By Jim Kaler

As the days of northern autumn take us ever closer to winter's dark chill, it lifts the spirits to know that spring will follow. And what better way to tell of its coming than to watch great Leo rise as a morning figure, then follow his progress across the ever-earlier skies until you see the grand figure in evening as the trees and flowers begin their awakening. In mythology, he is the Nemean lion killed by Hercules as his first labor, the Hero's constellation rising much later far to the east.

More important to those who watch the skies, Leo is one of the dozen ancient animalistic members of the Zodiac, the band of constellations defined by the ecliptic, the path of the Sun against the stars. The Zodiac embraces the disk of the Solar System, including the planets as well as the Moon. Being the realm of the gods, it was thus sacred to the ancients. The Sun passes through Leo's modern boundaries between August 11 and September 16, allowing him to clear the Sun by early fall, and we are back to the opening of this story.

Ancient astrology took the meaning of the signs of the Zodiac from the natures of the constellations. In the early days, 2000-4000 years ago, the Vernal Equinox (the point where the Sun crosses the celestial equator on its way north to begin northern spring) was in Aries, which is why the Ram usually tops the astrological listings. The Earth, however, has (in addition to rotation and orbital revolution) a third motion, a 26,000-year axial wobble called "precession" that changes the pole star and moves the equinoxes and solstices westward against the stellar background. The Vernal Equinox (still called "the first point of Aries" and symbolized by a ram's horn) is now within Pisces, one constellation to the west, and around the year 2700 will cross over into Aquarius. The Vernal Equinox's opposite, the Autumnal Equinox (in ancient times in Libra, referring to the balance of days), now resides in Virgo. Next up is Leo, which will receive the gift of autumn about the year 2430 (the equinoctial crossing times not symmetrical because of the natures of the modern constellation boundaries).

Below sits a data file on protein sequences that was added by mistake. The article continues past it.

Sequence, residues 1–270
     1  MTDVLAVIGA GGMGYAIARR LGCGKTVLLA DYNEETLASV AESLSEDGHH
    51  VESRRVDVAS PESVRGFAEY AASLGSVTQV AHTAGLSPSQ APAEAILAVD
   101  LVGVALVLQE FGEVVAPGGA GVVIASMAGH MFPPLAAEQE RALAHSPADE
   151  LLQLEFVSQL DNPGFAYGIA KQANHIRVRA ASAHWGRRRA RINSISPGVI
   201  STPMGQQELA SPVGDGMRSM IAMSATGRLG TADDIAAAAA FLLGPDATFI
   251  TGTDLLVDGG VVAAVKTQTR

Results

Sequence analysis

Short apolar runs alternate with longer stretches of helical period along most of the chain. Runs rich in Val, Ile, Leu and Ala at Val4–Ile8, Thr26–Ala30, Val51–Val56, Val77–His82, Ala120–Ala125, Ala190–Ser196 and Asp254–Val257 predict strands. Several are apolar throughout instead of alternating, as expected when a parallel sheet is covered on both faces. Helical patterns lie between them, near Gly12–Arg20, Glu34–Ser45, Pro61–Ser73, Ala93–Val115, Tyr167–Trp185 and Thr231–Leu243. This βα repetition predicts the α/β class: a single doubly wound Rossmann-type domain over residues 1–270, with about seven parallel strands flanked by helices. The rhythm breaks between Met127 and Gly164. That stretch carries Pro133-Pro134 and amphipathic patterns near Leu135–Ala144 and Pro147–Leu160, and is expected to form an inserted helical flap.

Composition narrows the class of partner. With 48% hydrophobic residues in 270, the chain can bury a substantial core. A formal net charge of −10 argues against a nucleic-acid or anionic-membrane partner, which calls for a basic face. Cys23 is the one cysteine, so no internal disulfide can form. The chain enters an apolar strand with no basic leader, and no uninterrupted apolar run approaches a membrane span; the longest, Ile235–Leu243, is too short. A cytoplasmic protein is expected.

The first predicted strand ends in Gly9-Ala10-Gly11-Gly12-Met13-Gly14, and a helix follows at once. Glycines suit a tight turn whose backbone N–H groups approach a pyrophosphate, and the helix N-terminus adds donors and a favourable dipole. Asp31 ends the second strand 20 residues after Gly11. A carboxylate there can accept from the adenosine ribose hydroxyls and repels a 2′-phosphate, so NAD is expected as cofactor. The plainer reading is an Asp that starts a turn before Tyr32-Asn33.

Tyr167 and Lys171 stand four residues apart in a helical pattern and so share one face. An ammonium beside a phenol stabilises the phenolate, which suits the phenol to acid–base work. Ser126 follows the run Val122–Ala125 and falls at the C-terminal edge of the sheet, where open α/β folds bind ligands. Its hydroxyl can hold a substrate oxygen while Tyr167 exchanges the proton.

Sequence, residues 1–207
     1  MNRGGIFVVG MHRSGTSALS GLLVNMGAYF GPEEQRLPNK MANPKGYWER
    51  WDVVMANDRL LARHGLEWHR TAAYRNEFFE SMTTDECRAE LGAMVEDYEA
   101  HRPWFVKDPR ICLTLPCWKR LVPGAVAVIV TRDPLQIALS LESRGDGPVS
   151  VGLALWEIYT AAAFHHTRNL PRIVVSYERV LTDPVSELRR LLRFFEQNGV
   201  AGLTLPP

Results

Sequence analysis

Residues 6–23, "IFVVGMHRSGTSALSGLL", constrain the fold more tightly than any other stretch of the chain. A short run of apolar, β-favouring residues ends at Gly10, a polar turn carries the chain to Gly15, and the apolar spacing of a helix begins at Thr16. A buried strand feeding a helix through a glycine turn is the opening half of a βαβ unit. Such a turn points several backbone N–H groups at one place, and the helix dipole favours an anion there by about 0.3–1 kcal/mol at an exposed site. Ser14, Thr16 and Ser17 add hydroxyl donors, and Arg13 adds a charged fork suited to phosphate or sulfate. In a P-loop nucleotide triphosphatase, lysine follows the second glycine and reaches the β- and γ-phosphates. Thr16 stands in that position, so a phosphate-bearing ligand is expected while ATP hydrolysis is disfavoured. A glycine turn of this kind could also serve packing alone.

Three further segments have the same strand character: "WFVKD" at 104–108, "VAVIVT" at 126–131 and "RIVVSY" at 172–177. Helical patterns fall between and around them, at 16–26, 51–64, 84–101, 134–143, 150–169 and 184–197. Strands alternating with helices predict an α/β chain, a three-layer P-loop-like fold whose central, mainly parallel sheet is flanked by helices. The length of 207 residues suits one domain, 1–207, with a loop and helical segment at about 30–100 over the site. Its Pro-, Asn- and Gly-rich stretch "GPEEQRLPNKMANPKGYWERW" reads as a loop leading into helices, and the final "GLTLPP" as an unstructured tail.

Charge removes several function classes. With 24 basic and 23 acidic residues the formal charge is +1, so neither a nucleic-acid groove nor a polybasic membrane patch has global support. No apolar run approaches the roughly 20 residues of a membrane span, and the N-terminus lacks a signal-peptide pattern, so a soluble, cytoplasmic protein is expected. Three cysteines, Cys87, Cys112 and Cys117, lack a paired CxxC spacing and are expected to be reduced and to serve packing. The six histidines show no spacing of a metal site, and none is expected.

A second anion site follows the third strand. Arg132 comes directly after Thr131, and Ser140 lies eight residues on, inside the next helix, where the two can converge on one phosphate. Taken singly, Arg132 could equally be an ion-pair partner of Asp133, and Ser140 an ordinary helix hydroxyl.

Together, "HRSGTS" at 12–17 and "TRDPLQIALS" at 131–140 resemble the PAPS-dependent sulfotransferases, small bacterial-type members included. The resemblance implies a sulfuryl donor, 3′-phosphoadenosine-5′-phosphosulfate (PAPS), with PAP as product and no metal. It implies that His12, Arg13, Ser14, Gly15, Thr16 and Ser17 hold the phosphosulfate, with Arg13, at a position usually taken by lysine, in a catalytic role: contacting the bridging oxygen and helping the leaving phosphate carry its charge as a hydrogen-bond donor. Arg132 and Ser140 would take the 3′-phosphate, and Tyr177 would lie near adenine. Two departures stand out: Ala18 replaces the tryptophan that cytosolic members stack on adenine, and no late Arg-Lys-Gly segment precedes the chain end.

Leo's charms are, like Gaul, divided in three: bright stars with companions, fainter variables, and a set of marvelous galaxies. Topping the list in the first category is Regulus (the "Little King"), which ranks 21st among first magnitude stars (second up from the bottom) and sits at the most southerly point of Leo's famed "Sickle." It makes a marker for the current Autumnal Equinox, which lies roughly between it and Spica. Just half a degree north of the ecliptic, the star is regularly (no pun intended) occulted by the Moon. Regulus's location as a class B7 dwarf well away from the Milky Way makes it a bit unusual, but its nearby distance of only 79 light years still places it well within the Galactic disk. Spinning madly at an equatorial speed of 317 kilometers per second, the star is notably oblate, a third again bigger through its equator than through its poles. Regulus is actually a quadruple star, orbited by a much fainter but double (K2-M4) dwarf 175 seconds of arc away that must take at least 125,000 years to orbit Regulus proper. Tucked in close to the bright star appears to be a white dwarf that takes a mere 40 days to go around.

Sharing the Sickle is one of the heavens' classic double stars, second magnitude Algieba ("the Forehead"), which is made of two helium-fusing giants (G7 plus brighter K1, classically called "bright orange and greenish yellow") just 5 seconds of arc apart and that orbit with a period of 500 years. What makes the system, better known as Gamma Leonis, most intriguing is a planet that orbits the brighter star with a period of 1.2 years in an path about the size of Earth's. But don't look for life, as it's a giant with a mass of at least nine times Jupiter's, so big it could be a low mass brown dwarf. At Leo's nether end lies second magnitude Denebola (the Lion's Tail), Beta Leo, an A3 dwarf. It was one of the first to be recognized as having a highly structured infrared-radiating encompassing dust-disk, a "Vega-type" star that may well possess planets, though none has been found as yet. Denebola appears to have three companions, but all are probably "optical" line-of-sight coincidences. One, Beta Leo B, a 16th magnitude star 40 seconds of arc away in the 19th century, seems to have "disappeared" and may be spurious or might even have been recovered as "C."